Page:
Israel: Nurses win pay hike,
cellphone workers fight for union
“This means that the percentage increase is higher for junior nurses than for those with more seniority,” Uri Fleischmann, director general of the Israel Nurses Union, told the Militant in a phone interview from Tel Aviv.
The government also agreed to expand nursing schools and grant more scholarships to nursing students.
Making sure that nurses at the bottom of the pay scale got as big a wage increase as those at the top should attract more workers to take up nursing and help alleviate a shortage of nurses, Fleischmann said, one of the main goals of the strike.
There are 58,360 nurses in Israel, a rate of about 4.76 nurses per 1,000 people. In the U.S. there are 10.8 per 1,000.
While most nurses in Israel are Jewish, nursing is one of the main occupations of Palestinian women who work. There were banners in both Hebrew and Arabic at many strike support rallies.
“We don’t really care whether workers are Jewish, Christian, or Muslim,” Fleischmann said. “We are very happy that all the nurses joined in a unified struggle and happy with their accomplishment.”
Meanwhile, 800 workers at privately owned Pelephone Communications Ltd., one of the top three cellphone companies in Israel, went on strike Dec. 10 after the company refused to recognize or negotiate with the Histadrut union federation.
“Under Israeli law, after you get the signature of one-third of the workers the company is supposed to recognize the union,” Haim Sahar, a worker in the sales department, told the Militant. “We have 1,833 signatures out of 4,000 workers. But instead of talking with us, the CEO has started a war against the workers.” Among those who joined the union are technicians who fix cellphones, software engineers, warehouse workers and customer service representatives.
The average wage at the company is about 5,500 to 6,500 shekels a month, Sahar said. “Child care is 2,500 shekels. How can you live on that?” Job security is also a key issue, he said, in the face of possible mergers with other companies.
“One hundred percent of the Arab workers at the call center in Umm al-Fahm joined the strike,” he noted. “Now the company is saying they might shut down the center because it’s a security risk. How can it be a security risk?
“We want to get recognized as a union. That is a basic human right,” Sahar said. “It’s only a matter of time.”
Workers at other cellphone companies have been contacting the strikers, saying they want help getting a union where they work.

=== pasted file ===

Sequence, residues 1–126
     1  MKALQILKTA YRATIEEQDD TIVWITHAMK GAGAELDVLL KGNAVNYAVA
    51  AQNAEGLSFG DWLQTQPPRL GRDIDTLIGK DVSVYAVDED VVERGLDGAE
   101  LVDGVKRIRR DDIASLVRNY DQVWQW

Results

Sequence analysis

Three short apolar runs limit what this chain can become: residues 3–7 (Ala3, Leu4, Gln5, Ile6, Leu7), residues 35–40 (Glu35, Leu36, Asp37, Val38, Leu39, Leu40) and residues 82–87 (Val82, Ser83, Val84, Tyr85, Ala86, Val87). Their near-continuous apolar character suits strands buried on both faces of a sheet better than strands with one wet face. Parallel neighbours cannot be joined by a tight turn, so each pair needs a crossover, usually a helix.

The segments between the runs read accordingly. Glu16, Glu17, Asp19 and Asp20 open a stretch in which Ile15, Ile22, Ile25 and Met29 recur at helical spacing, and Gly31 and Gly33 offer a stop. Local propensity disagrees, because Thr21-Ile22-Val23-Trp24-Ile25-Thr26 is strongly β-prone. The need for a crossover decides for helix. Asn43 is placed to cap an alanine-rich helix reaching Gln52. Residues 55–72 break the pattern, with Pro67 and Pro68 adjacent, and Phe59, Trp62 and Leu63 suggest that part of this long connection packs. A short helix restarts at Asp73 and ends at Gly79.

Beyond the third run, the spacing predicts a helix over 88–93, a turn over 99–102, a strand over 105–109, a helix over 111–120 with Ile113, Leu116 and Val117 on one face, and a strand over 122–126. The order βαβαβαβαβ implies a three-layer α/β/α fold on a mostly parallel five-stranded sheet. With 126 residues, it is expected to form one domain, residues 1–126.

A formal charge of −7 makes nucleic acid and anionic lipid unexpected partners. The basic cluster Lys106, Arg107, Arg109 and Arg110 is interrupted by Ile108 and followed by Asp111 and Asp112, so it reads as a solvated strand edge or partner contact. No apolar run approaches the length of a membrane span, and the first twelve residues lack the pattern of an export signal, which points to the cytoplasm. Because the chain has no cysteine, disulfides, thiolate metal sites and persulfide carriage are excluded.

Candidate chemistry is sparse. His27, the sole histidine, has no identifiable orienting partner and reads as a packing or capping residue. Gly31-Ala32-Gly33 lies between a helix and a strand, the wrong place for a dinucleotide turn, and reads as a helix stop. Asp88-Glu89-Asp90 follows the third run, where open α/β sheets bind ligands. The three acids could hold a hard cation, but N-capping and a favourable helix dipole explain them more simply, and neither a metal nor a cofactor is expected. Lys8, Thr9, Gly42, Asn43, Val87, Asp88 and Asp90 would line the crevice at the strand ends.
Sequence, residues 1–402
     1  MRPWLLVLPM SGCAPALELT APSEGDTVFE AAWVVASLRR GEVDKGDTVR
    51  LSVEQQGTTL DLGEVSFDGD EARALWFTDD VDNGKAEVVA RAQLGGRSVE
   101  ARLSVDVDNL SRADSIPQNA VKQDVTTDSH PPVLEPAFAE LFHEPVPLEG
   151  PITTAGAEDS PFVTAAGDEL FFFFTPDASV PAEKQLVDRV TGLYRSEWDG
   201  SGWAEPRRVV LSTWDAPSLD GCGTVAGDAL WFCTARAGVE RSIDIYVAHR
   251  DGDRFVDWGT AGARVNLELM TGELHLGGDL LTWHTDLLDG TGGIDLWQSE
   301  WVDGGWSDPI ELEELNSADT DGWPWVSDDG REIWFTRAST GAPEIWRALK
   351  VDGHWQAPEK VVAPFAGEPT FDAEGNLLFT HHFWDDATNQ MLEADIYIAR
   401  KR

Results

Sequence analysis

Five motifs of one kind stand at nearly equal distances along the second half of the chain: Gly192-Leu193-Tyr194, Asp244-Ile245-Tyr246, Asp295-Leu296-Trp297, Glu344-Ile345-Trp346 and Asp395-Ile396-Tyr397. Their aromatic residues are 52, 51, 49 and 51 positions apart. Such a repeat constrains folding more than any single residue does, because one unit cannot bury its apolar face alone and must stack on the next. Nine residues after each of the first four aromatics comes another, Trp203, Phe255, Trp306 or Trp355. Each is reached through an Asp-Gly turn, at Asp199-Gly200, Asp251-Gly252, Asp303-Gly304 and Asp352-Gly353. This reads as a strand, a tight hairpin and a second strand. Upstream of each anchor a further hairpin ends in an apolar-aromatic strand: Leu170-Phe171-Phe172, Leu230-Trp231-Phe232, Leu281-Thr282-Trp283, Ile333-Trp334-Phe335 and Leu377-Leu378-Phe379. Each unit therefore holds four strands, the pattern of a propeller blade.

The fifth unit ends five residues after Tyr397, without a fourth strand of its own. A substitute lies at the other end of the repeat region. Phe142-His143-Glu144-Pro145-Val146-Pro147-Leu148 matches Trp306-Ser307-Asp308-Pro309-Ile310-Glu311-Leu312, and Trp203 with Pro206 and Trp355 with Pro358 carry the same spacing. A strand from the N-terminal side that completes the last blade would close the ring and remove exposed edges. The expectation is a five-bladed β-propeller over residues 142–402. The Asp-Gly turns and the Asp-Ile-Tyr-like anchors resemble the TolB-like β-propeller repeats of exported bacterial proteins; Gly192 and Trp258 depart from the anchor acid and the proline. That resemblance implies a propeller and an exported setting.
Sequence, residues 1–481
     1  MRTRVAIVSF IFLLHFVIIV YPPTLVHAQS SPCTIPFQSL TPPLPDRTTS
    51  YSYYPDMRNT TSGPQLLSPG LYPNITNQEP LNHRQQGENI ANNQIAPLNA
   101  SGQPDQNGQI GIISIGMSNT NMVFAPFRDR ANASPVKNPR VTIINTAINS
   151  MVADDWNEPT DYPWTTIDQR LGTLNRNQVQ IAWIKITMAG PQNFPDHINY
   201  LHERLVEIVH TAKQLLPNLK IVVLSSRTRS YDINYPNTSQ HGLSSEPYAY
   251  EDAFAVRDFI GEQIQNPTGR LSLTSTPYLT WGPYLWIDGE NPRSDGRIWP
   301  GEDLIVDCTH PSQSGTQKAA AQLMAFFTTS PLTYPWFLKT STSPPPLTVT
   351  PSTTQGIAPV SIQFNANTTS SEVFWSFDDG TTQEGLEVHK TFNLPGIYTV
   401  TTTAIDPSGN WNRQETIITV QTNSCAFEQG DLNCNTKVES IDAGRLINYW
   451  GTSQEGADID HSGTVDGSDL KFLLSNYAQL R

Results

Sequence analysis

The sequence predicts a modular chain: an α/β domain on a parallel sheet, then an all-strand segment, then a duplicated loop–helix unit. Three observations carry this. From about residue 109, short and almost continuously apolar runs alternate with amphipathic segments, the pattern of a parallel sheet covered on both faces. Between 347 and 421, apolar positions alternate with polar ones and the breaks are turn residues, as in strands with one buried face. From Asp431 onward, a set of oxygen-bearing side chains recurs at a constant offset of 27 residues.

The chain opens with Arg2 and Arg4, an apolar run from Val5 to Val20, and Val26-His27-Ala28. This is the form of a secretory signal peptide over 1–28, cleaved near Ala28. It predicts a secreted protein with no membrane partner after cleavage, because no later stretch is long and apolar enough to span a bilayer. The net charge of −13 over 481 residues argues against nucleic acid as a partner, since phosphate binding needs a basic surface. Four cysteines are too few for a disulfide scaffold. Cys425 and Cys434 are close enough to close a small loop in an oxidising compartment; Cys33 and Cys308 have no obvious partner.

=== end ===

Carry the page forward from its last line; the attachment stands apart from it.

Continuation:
Pelephone did not return calls requesting comment.
Rally backs Miami Teamsters
on strike against BlueLinx
The strikers include three drivers and six warehouse workers. They walked off the job after their union rep was thrown off company property Nov. 30 while the union and company were in contract negotiations. Two other workers have crossed the picket line. BlueLinx has also hired temporary workers and has brought in full-time workers from their nonunion North Carolina facility.
“We all have families and all have mortgages. But being on strike is about fighting for what you believe in. It’s about fighting for what your rights are,” shop steward Henry Ku told the Militant.
Jose Albo, a Teamster who works for Avis Budget rental car company near the airport, attended and comes by the picket line regularly. “I come to support my brothers,” he said. “You never know when you’re going to need some help.”
Teamsters in Washington state
strike United Natural Foods
The union first struck Dec. 10-12 over UNFI’s refusal to negotiate a new contract. The previous pact expired Feb. 29, 2012, and had been extended through the end of August.
The workers agreed to go back to work on a good faith basis after the three-day strike. But when union members reported for their shift, bosses informed the union that 72 workers on night shift had been terminated. On Dec. 13, everyone then walked off the job, refusing to work until the fired workers were reinstated.
“We won’t go back until the 72 workers are given their jobs back,” Brenda Wiest, an organizer for Local 117, told the Militant.
According to the International Labor Rights Forum in Washington, D.C., UNFI “has engaged in serious violations of workers’ rights of association at its Moreno Valley [Calif.] and Auburn facilities.” A report by the group accuses managers of threatening violence against and firing of workers involved in a unionization effort at the California facility where the Teamsters lost an election last May.
The report also says that at its Auburn facility UNFI began hiring nonunion contract workers in May through Roadlink, a temporary agency.
UNFI is now using temporary workers as scab labor and its other facilities to maintain shipments normally supplied through the Auburn warehouse.
Five drivers have crossed the picket lines, Dottie Dunthorn, one of 45 drivers at the Auburn plant, told the Militant.
On the picket line Dec. 27 in Auburn, Gary Watkins said the strike has helped forge solidarity among workers, who come from the U.S., Philippines, Ukraine, Panama, Vietnam and Pacific Islands. “The company has increased from 12 to 20 the number of orders per hour that are required of workers. And if you are a smoker, you have to pay an additional $650 a year for insurance,” he said.
Strikers received 700 pounds of food donated by Occupy Seattle, according to Michelle Woodrow, a Local 117 staff person. Workers for City of Pacific, also members of Teamsters Local 117, brought firewood for the burn barrels to the picket line Dec. 27.
The company has not returned phone calls requesting comment.